(a) freedom guaranteed by the British, (b) a sign of approval by the royal governor in advance,
(c) a form of censorship by the British, (d) Both b and c are correct.

CHAP. 4: REVOLUTIONARY PRESS

25. The legislation that in 1765 began to solidify American opposition to British rule was the

(a) Canadian Bacon Rights Act, (b) Maritime Ordinance, (c) Stamp Act,
(d) Non-Binding Trade Agreement, (e) British Seaport Act.

26. The chief radical newspaper in the colonies prior to the Revolution was the

(a) Boston Gazette, (b) New-England Patriot, (c) New York Anti-Crown,
(d) New York Vigilant Argus, (e) Essex Incendiary.

27. The owner of the incendiary Massachusetts Spy was

(a) Isaiah Thomas, (b) Robert Jeffers, (c) Hugh Marlowe, (d) Rita Doerr, (e) Anthony Lewis.

28. Americans who lived during the time of the Revolution generally believed that the press

(a) was influential, (b) would cease publication after the war, (c) ran too many cartoons, (d) made too much money off the war, (e) ran too much advertising.

29. American printers who supported the British crown were known as

(a) Tories, (b) Redcoats, (c) Jackals, (d) Jack Tarrs, (e) Union Jacks, (f) Traitors

30. The author of Common Sense and the “American Crisis” papers was

(a) Thomas Jefferson, (b) James Madison, (c) Thomas Paine, (d) Karl Meyer, (e) Ben Franklin.

31. For the press, the war for American independence

(a) was easy to cover, (b) created great difficulties, (c) caused a new style of headline writing,
(d) increased circulation by almost four times, (e) multiplied advertising by approximately 300%.

CHAP. 5: PARTY PRESS

32. The first editor of the Gazette of the United States, founded in 1789, was

(a) Horace Walpole, (b) William Livingston, (c) John Fenno,
(d) Frederick Grant, (e) Rumpole Bailey.

33. The leading Republican newspaper through much of the party period was the

(a) Washington Post, (b) New York Times, (c) New York Daily News,
(d) Boston Political Item, (e) Philadelphia Aurora.

35. One of the most striking characteristics of party newspapers was their

(a) abusive personal attacks, (b) emphasis on illustrations,
(c) use of spot color, (d) peculiar inverted headline style,
(e) interest in medical discoveries.

36. During the party press period there emerged on newspapers the true position of the

(a) editor, (b) columnist, (c) circulation manager, (d) publisher, (e) advertising manager.

37. During the party press period there appeared for the first time what would be considered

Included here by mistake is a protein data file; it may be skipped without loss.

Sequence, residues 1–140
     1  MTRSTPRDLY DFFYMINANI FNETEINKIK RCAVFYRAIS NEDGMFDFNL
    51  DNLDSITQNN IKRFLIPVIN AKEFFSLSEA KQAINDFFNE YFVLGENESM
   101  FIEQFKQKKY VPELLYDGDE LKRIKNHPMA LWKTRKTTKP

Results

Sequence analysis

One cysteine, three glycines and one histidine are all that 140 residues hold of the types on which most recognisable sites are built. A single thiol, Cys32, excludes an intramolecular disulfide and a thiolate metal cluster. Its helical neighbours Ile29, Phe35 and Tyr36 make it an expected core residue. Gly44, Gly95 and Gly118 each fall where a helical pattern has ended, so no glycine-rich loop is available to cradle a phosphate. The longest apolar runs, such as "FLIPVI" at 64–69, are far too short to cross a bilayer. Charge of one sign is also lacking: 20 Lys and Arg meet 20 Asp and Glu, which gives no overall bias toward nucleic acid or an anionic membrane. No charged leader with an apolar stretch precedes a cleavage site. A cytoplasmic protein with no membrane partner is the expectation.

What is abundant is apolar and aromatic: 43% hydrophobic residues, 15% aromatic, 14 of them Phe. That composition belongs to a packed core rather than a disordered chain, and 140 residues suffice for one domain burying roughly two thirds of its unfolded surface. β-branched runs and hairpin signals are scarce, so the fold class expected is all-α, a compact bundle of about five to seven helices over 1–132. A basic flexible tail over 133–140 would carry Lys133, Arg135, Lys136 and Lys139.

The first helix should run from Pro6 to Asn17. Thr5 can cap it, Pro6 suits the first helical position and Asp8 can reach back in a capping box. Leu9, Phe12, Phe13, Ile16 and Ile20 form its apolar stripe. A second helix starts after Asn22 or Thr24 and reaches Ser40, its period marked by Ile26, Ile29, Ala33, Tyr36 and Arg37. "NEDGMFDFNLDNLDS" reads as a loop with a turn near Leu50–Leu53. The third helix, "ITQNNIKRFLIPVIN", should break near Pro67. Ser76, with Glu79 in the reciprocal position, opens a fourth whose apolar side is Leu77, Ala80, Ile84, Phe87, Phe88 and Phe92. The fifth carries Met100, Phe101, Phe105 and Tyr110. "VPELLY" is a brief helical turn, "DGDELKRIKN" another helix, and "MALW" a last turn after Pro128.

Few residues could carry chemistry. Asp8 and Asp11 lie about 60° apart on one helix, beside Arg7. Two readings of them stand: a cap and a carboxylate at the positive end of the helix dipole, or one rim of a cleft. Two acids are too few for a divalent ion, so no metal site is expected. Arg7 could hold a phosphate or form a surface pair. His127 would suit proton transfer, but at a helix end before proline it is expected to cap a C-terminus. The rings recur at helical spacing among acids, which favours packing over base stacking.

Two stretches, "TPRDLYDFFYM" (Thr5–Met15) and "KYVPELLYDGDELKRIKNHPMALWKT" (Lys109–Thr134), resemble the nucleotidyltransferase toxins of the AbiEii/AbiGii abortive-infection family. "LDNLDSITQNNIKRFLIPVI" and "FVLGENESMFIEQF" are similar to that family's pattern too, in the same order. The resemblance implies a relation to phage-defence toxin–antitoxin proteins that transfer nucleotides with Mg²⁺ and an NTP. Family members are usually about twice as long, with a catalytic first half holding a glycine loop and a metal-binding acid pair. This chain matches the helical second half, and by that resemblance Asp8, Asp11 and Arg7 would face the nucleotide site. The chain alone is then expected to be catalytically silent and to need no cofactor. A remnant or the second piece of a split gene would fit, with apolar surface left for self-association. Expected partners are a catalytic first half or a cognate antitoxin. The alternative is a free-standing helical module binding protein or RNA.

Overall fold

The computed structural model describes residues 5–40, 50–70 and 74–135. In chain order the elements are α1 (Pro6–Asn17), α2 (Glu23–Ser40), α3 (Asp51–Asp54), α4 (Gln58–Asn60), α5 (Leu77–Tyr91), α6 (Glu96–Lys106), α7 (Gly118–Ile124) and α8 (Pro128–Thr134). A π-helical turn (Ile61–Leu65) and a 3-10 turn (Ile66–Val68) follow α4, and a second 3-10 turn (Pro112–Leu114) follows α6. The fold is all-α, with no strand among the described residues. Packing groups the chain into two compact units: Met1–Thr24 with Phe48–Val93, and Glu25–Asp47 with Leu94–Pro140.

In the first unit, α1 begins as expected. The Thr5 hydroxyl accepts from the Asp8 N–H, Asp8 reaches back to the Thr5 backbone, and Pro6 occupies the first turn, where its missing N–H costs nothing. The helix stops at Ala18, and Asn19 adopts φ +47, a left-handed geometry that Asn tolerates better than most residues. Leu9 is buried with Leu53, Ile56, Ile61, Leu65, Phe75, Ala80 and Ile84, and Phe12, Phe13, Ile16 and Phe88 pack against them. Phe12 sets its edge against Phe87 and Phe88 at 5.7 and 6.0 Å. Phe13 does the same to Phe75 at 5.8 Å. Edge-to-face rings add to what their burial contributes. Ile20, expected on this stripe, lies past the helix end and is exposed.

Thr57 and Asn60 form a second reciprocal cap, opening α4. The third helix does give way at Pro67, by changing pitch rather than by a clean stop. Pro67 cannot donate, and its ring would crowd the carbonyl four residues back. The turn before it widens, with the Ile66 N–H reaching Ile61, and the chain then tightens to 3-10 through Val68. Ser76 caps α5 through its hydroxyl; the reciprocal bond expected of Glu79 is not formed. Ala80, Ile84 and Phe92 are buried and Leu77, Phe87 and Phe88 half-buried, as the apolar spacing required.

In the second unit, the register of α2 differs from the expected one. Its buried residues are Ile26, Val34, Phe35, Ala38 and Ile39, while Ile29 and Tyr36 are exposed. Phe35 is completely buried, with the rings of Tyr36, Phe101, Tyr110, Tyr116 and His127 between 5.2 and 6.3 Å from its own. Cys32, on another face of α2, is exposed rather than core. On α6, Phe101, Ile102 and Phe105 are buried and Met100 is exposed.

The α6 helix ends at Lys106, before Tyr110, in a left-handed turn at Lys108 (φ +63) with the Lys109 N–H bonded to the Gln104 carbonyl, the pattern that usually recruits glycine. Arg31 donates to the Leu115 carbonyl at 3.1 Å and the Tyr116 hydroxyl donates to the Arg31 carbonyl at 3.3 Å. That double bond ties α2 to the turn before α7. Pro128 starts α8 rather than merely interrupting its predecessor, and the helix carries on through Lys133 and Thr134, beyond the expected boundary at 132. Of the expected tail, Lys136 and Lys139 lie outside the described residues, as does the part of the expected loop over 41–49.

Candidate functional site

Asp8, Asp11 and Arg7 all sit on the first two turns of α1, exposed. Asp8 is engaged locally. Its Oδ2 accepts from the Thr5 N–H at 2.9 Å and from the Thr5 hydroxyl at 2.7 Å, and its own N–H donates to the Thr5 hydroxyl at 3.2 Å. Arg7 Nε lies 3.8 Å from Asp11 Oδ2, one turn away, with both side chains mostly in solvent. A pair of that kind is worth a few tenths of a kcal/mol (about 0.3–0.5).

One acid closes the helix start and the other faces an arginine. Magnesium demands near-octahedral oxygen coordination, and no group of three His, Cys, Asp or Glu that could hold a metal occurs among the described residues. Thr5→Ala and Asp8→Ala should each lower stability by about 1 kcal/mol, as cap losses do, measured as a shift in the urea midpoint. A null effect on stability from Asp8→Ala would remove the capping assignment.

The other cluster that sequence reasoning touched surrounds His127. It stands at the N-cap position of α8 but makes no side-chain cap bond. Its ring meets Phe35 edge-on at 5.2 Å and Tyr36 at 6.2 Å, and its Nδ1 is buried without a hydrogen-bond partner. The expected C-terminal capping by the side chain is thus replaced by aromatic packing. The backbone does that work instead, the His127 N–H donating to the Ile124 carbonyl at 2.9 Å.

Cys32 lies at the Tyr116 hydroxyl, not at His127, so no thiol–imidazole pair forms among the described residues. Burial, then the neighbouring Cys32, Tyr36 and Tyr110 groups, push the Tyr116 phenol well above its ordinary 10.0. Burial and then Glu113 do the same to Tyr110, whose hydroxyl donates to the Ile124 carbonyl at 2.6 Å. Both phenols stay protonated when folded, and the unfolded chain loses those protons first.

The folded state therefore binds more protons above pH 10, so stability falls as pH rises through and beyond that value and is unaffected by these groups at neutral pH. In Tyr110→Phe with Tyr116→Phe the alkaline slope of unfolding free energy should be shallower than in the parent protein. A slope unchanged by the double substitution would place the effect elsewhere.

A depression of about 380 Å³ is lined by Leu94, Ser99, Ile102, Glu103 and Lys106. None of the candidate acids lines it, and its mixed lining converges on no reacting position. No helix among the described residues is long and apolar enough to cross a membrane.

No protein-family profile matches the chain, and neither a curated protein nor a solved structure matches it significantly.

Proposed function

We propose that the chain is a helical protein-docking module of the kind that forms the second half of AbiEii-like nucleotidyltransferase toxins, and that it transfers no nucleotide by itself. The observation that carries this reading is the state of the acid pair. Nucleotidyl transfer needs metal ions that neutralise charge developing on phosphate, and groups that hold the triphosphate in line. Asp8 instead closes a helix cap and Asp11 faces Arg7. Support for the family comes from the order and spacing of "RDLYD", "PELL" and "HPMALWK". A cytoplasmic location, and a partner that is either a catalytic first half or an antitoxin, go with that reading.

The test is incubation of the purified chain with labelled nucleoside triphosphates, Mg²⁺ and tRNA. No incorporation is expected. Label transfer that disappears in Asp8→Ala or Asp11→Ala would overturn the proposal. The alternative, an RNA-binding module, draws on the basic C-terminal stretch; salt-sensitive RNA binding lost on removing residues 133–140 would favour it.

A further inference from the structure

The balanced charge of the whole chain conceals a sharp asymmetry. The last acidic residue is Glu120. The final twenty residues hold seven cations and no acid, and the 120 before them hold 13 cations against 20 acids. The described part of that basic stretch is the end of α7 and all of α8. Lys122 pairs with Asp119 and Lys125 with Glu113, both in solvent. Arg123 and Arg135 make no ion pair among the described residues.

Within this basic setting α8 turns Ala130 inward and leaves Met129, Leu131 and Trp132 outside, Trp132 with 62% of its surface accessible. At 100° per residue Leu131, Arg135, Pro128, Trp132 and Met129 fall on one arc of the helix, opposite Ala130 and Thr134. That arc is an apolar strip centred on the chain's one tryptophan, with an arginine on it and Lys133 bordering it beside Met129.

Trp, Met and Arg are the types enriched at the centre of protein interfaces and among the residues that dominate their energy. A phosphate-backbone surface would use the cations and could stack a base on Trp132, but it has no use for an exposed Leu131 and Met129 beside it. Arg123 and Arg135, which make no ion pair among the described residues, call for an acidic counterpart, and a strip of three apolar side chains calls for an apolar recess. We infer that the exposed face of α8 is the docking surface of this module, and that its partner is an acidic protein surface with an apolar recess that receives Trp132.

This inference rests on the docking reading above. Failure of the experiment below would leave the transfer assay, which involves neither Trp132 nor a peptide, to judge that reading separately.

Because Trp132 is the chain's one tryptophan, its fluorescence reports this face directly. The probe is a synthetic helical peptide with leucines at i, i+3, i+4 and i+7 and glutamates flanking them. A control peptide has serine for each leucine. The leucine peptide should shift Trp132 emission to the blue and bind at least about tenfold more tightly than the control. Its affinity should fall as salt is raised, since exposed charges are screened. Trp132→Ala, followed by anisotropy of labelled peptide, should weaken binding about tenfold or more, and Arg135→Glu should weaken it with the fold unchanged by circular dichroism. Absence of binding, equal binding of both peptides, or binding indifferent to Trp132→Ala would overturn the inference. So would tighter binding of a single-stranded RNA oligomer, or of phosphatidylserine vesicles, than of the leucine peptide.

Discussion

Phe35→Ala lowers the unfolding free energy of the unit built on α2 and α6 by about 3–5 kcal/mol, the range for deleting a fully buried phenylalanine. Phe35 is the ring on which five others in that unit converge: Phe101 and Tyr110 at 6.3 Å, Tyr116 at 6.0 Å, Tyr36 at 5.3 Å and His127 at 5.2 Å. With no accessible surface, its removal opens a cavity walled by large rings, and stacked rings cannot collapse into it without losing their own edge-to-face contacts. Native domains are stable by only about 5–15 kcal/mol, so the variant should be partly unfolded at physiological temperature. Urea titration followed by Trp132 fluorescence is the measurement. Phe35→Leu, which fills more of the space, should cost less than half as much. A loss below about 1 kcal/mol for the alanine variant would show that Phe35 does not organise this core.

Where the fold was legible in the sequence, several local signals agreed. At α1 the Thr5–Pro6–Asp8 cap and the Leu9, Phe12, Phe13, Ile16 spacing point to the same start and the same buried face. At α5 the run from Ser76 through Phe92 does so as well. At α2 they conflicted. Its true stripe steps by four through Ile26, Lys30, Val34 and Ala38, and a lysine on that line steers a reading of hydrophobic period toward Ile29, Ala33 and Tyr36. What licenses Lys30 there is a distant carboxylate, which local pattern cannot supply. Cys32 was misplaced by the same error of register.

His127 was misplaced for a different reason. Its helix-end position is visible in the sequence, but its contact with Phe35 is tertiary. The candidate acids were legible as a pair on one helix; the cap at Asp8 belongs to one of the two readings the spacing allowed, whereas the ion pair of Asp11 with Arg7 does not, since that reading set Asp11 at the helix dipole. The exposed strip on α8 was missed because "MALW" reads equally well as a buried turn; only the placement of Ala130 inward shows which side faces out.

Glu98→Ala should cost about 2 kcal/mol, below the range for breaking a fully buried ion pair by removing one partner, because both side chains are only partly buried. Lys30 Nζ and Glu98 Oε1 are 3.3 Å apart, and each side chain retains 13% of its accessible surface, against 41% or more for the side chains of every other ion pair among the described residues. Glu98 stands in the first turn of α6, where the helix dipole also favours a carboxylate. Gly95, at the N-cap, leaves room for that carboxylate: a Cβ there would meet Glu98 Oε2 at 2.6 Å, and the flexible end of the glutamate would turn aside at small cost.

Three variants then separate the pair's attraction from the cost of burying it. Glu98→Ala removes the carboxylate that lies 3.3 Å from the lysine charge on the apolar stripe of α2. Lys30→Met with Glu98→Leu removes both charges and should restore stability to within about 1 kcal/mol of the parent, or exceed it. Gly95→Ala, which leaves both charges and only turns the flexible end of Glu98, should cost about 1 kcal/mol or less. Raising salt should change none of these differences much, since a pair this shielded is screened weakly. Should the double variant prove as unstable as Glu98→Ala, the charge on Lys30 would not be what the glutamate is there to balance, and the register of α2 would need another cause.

(a) modern literary essays, (b) free-form poetic verse, (c) timely telegraphic news,
(d) the true editorial form, (e) the modern feature story.

CHAP. 6: FREEDOM OF THE PRESS

38. The pamphlet on divorce and against censorship written by the Puritan John Milton was

(a) Areopagitica, (b) A Treatise Concerning Freedom, (c) Truth and Marriage,
(d) Antii Vatica Logos, (e) Four Arguments for Printing.

39. The institution that monopolized and licensed printing in England in the 1500s-1600s was the

(a) British Licensing Board, (b) Printers Ink Union, (c) Royal Censors,
(d) Cryptorial Board, (e) Stationers Company, (f) SAG

40. Zenger’s defense attorney in his famous trial was

(a) James Madison, (b) Andrew Hamilton, (c) Patrick Henry, (d) John Locke

41. Probably the most important American event in the late 1700s affecting freedom of the press was

(a) the Marcosson v. Jennings court decision, (b) the Supreme Court decision in U.S. v. Harrison,
(c) the passage of the Federal Li¬censing Act, (d) the adoption of the First Amendment,
(e) Joseph Brown’s victory in his libel trial.

42. The defendant in the 1804 New York libel case that was brought on behalf of Thomas Jefferson and that re¬sulted in the expansion of libel law to allow truth to be presented as a defense was
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(a) Cecil Calvertt of The Ea¬gle, (b) Jean Baptiste Colbert of the Carolina Centinel,
(c) Oliver Cromwell of the Brooklyn Argus, (d) Harry Croswell of The Wasp,
(e) John Singleton Copley of the Burke County Clintonian.

CHAP. 6: FREEDOM OF THE PRESS

43. The most famous colonial trial involving freedom of the press was the 1735 New York trial of

(a) James C. Quarry, (b) Quock Walker, (c) Sir George Yeardley,
(d) Winthrop Y. Woolseley, (e) John Peter Zenger.

44. During the American Revolution, freedom of the press can best be described as

(a) absolute, (b) greater in the middle colonies than in the southern ones,
(c) honored in both word and deed, (d) virtually unlimited in areas under Patriot control, (e) restricted.

45. In 1798, in an attempt to silence their Republican opponents, the Federalists

(a) enacted the Federal Licens¬ing Act, (b) passed the Alien and Sedition Acts,
(c) banned newspapers from the mail,
(d) placed a tax on news¬papers not approved by the Secretary of State,
(e) established the Government Publications Review Board.

CHAP. 7: PENNY PRESS

47. The first successful American penny newspaper was the

(a) Boston News, (b) Philadelphia Penny News, (c) Baltimore Cent,
(d) New York Sun, (e) Boston Daily Post.

48. In the 1840s, the invention that revolutionized news gathering was the

(a) telegraph, (b) telephone, (c) steamship, (d) teletypewriter, (e) linotype.

49. Many of the penny press’ innovations helped it cover its first big military conflict, the

(a) War of 1812, (b) The U.S.-Mexico War, (c) Civil War, (d) Spanish-American War.

50. The founder of the New York Times in 1851 was

(a) Henry Raymond, (b) Andrew H. Reeder, (c) John F. Reynolds, (d) John D. Rockefeller